The Budapest-based organisation European Roma Rights Centre (ERRC) has received today the Raoul Wallenberg Prize of the Council of Europe for successfully challenging discrimination, anti-Romani racism and rights abuses of Roma through innovative litigation, evidence based research and policy development.
On this day in 1945, Raoul Wallenberg, a Swedish diplomat who used his status to save tens of thousands of Jews from the Holocaust, was arrested in Budapest. The Prize instituted in 2012 by the Council of Europe at the initiative of the Swedish Government and the Hungarian Parliament, is meant to keep his memory and outstanding achievements alive.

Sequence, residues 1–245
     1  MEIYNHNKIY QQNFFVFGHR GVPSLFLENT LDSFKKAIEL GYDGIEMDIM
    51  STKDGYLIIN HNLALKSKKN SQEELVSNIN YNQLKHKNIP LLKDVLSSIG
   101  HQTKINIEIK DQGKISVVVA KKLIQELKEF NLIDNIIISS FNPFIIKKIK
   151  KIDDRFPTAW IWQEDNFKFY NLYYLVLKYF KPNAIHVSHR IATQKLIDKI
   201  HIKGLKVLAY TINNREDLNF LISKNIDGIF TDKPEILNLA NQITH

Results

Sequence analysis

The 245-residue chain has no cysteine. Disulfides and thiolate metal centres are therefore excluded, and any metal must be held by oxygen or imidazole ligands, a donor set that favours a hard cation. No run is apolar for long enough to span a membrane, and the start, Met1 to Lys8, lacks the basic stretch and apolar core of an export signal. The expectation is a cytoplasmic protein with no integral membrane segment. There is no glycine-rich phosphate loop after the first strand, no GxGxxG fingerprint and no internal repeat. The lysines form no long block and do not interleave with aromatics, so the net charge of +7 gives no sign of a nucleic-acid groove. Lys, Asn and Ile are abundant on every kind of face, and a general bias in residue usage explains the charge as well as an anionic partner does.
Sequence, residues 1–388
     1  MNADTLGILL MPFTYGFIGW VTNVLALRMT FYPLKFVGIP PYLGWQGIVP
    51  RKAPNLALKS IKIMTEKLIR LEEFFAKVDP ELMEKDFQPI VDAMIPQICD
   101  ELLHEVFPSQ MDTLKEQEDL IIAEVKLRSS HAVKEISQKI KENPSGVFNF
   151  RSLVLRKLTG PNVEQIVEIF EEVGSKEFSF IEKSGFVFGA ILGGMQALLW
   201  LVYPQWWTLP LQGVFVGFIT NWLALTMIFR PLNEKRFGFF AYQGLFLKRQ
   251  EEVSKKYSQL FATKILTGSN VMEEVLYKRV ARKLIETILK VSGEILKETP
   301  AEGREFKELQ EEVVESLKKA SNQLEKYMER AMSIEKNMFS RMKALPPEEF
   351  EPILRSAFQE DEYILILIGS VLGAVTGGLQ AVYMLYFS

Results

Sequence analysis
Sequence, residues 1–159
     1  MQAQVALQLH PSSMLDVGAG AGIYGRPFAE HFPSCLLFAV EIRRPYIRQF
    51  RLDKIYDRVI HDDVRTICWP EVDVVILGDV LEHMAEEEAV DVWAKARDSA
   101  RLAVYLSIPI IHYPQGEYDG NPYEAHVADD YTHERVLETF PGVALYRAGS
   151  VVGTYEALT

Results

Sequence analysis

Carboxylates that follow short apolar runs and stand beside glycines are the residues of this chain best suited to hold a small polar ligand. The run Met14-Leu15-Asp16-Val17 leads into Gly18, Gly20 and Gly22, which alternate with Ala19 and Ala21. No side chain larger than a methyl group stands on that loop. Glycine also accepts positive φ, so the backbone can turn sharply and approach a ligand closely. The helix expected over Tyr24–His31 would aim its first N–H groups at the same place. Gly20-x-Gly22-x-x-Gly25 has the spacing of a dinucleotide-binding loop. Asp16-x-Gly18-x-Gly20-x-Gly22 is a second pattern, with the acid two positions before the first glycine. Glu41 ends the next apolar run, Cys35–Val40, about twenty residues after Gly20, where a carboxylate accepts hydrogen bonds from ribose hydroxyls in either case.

Thorbjørn Jagland, Secretary General of the Council of Europe, said when awarding the 10,000 EUR prize to Ðorđe Jovanović, the ERRC Director: “While it is a matter of regret that individuals and communities in our continent are still subject to abuse and mistreatment, it is right that prizes like this highlight problems that might otherwise be overlooked – and recognise those who have gone to extraordinary efforts to counter them.”
“I am happy to say that the 2018 award goes to an organisation that is breaking down barriers for Europe’s largest minority, the Roma people; an organisation whose energy, tenacity and belief in the rule of law are ensuring the delivery of Roma rights; an organisation whose courage and determination are inspiring young Roma people and showing them a future full of possibility.”
As a Roma-led public interest law organisation with the staff being majority Roma, the ERRC has proven both relentless and effective in combatting anti-Romani racism and human rights abuses in many countries, he added.